A federal agency will decide whether to pursue a lawsuit against a North Georgia congressman after it took over the bank that had sued the legislator, claiming he defaulted on a loan.
A spokesman for the Federal Deposit Insurance Corp. said Tuesday that the agency will decide in the next 30 to 60 days whether to pursue the lawsuit originally filed by Bartow County Bank against U.S. Rep. Tom Graves, a Republican, and state Sen. Chip Rogers, R-Woodstock.
The suit, filed in January 2010, alleges that a motel and hospitality company that Graves and Rogers ran defaulted on a loan for $2.25 million. It also claims that Graves moved some of his property to a trust to make it more difficult for the bank to collect.
A counterclaim filed by Graves and Rogers in March 2010 states the bank had allowed the company, Tich Hospitalities, to refinance the loan in November 2009. The lawmakers say the bank then reneged on the agreement.
The FDIC announced Friday it had taken over Bartow County Bank and was transferring the assets to Hamilton State Bank, based in Northeast Georgia. As with most takeovers, the FDIC retained the pending lawsuits, including the one against Graves and Rogers.
FDIC spokesman Greg Hernandez said the agency now will decide whether to pursue the suit or write the loan off as a loss.
"It'll look at the merits of the suit and make a determination," Hernandez said.
In an emailed statement, Graves, who's from Gordon County, said there wasn't much he could say.
"We remain committed to working out a positive solution for all parties involved, and since this process is pending, we are still unable to discuss any details," he wrote.
Attempts to reach Graves' attorney, an attorney for Bartow County Bank and a representative for Hamilton State Bank were unsuccessful and messages were not returned.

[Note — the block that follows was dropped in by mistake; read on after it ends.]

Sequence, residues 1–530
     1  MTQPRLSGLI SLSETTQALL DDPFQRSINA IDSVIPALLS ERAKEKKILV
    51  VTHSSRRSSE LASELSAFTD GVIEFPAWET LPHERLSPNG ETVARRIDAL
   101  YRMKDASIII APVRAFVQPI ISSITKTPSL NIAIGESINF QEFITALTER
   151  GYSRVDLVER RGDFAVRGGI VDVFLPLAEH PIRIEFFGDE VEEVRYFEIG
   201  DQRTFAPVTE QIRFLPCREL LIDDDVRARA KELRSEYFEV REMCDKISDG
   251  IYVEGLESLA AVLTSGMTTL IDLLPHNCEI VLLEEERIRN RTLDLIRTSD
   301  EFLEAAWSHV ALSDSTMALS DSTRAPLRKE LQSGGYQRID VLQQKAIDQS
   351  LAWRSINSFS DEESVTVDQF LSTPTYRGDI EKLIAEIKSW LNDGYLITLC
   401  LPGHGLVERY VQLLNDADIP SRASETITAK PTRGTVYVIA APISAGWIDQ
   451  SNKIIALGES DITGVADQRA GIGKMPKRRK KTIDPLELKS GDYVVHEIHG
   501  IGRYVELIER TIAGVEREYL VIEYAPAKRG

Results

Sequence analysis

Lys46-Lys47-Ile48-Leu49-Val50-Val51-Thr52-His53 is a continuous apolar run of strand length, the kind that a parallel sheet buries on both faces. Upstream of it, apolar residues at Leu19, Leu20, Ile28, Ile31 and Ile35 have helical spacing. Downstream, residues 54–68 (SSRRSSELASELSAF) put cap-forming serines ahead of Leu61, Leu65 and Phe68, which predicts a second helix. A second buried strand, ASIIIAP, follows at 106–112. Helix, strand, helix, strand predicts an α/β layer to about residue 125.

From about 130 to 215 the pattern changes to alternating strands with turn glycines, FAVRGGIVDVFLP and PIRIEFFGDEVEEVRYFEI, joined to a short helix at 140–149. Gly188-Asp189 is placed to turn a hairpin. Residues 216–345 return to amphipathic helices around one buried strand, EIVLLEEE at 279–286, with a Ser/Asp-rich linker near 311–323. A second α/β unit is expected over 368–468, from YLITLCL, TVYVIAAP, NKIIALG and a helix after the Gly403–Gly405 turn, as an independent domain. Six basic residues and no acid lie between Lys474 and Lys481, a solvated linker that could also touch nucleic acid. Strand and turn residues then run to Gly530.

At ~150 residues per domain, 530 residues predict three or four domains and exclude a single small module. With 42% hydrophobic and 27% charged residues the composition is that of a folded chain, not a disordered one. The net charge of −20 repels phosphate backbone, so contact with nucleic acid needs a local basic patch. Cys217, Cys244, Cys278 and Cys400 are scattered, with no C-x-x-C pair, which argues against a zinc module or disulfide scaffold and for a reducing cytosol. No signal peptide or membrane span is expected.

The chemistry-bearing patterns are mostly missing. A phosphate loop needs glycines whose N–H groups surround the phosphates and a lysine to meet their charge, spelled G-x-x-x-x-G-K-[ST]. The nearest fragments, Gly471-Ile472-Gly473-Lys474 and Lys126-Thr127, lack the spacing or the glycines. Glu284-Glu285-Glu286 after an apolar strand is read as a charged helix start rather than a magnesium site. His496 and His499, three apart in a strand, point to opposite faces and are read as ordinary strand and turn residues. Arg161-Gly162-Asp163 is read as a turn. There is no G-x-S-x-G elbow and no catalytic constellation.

Georgia led the nation in failed banks in 2009 and was second behind Florida on that list in 2010.
Analysts have said many of the failures were caused by banks holding too many loans in failed construction and development projects, such as the Oglethorpe Inn operated by Graves' and Rogers' Tich Hospitalities.
During the recession, many of those companies, including Tich, have been unable to pay back the banks.
The FDIC estimates seizing the bank will cost the Deposit Insurance Fund about $69.5 million.
News of the banks closure came about the time Graves' case was set to move forward.
He and Rogers gave depositions in December and the case was scheduled for summary judgment in January. Rogers' attorneys invoked a stipulation in the Georgia code that excuses state lawmakers from legal proceedings while the Legislature is in session. The session closed Thursday, the day before the FDIC took over the bank.
It's not the first time the case has reached a slowdown.
Depositions initially were scheduled for June, then August and then September 2010 while Graves was waging an election campaign. The meetings were pushed back each time during the election, and critics accused the congressman of working the system to avoid negative publicity during the campaign.
As for what happens next, Hernandez said it was "too early in the process" to say whether the FDIC would pursue the case. He said the fact that a member of Congress is involved would not affect the federal agency's decision.
"This will be treated the same way as the other lawsuits," he said.
The continuance granted for Rogers lasts for three weeks after the legislative session ends, which means proceedings could begin again on May 5.
According to court documents, Graves attorney Simon Bloom has notified court officials he will be unavailable for action on May 5 and 6 as well as May 27 to June 3.
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